The same crowd that says "who cares?" if Michael Sam is gay and "just play football" is the same crowd that does care and had an issue with him kissing his boyfriend on national TV. But that's why it was important. People don't want to see it? Too bad. You don't see gay people wining about Cinderella and Prince Charming or any other classic straight couples in movies and shows. That will be the norm.


More and more players besides Nassib will come out, but only if they feel comfortable. It's up to the players and coaches who make up those locker rooms to make sure they can do so safely.

The NFL Needs More Allies

Carl Nassib celebrates with teammates.

Photo by Ethan Miller/Getty Images

That "Football is Gay" commercial featured a noteworthy stat: LGBTQ+ youth with at least one accepting adult in their lives have a 40 percent lower risk of attempting suicide.

Maybe if Ryan O'Callaghan, the ex-Patriots offensive lineman, had just one teammate who was openly an ally during his career, he wouldn't have planned to kill himself once his career was over.

What the NFL needs is more allies. More players who are aware that not everyone might think and act like they do. More players like Chris Kluwe, who was fired for speaking out in support of same-sex marriage. More players like Brandon Ayanbadejo, who campaigned for gay marriage in 2013.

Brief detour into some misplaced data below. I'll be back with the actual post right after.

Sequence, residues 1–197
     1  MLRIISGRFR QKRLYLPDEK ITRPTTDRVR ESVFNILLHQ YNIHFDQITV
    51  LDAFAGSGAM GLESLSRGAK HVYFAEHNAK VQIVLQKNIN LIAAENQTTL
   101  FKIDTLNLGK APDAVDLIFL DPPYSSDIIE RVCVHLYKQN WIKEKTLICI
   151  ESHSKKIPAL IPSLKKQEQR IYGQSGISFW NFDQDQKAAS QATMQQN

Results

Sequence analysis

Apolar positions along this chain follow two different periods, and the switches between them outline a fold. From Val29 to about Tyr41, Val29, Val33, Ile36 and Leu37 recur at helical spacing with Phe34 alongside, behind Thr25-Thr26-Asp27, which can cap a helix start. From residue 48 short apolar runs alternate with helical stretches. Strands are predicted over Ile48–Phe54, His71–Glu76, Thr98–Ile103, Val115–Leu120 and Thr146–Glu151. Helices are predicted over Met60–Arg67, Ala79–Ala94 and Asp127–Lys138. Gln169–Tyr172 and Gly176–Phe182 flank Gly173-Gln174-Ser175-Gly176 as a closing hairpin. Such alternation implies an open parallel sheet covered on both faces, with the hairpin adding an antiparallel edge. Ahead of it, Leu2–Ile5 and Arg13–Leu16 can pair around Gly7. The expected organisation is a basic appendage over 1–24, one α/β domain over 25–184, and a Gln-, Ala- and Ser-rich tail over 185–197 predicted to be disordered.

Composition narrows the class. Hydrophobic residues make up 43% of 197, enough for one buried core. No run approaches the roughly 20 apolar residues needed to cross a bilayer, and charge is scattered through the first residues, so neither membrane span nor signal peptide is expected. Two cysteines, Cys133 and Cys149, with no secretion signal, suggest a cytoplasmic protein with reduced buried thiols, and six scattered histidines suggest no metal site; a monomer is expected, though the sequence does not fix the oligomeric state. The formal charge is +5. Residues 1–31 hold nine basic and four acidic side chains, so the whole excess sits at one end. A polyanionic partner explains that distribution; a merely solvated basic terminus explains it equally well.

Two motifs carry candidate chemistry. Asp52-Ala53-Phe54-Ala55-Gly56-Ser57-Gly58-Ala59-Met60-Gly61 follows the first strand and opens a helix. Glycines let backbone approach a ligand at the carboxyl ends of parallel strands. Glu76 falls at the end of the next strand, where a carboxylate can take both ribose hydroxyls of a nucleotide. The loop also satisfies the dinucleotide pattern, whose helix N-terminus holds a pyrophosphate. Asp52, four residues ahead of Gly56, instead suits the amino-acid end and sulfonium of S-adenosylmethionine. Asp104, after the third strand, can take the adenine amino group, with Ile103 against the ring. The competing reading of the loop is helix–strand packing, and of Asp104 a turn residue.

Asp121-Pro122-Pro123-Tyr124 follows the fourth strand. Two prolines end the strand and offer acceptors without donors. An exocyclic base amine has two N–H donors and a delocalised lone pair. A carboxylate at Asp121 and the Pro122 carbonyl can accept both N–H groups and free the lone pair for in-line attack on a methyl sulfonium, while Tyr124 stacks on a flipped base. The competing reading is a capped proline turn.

But unfortunately, there are still a lot of bigoted players.

When Sam planted that kiss on his boyfriend's lips, those players spoke out.

"I'm sorry but that Michael Sam is no bueno for doing that on national tv," former Super Bowl champion Derrick Ward tweeted.

"Man U got little kids lookin at the draft. I can't believe ESPN even allowed that to happen," he also tweeted.


Man, I guess I missed the memo that only straight people can kiss?

At the time, Miami Dolphins safety Don Jones also tweeted the kiss was "horrible." He deleted those and apologized.

These two players are far from the only ones who've been openly homophobic. When the San Jose Mercury News reported that Artie Lange asked San Francisco 49ers defensive back Chris Culliver if there were any gay players on the team, Culliver responded by saying, "No. Ain't got no gay people on the team. They gotta get up outta here if they do. Can't be with that sweet stuff."

Michael Sam walks off the field in 2014.

Photo by Joel Auerbach/Getty Images

And it's not just teammates. Coaches are responsible, as is ownership. Anyone else in between, too.


I mean, imagine how Carl Nassib felt playing for Jon Gruden, the same guy whose emails revealed he called Roger Goodell and Michael Sam homophobic slurs? Or that, according to an ESPN poll of 51 players in 2014, 32 said they had teammates or coaches who used homophobic slurs just in the last season. How does that shit even slide?

Obviously, things won't change overnight. A commercial won't magically change things. Many out former players have said the league needs a high-profile athlete to come out to really change the way the world looks at gay players in the NFL (and major pro sports, in general). Think about how Jackie Robinson was able to break baseball's color barrier (though I'm not trying to compare the two instances). He was so good that he couldn't be denied, and he endured so much in doing so.

Look at how far we've come even in the last 10 years though. From Michael Sam's kiss to Carl Nassib's coming out, it's only a matter of time before more and more players are out. Soon, two men kissing at the NFL Draft or after a game will be just another happy moment. Becuase that's exactly what it always has been anyway.

MORE: The 14 NFL Players Who Came Out After Their Playing Careers

Related Videos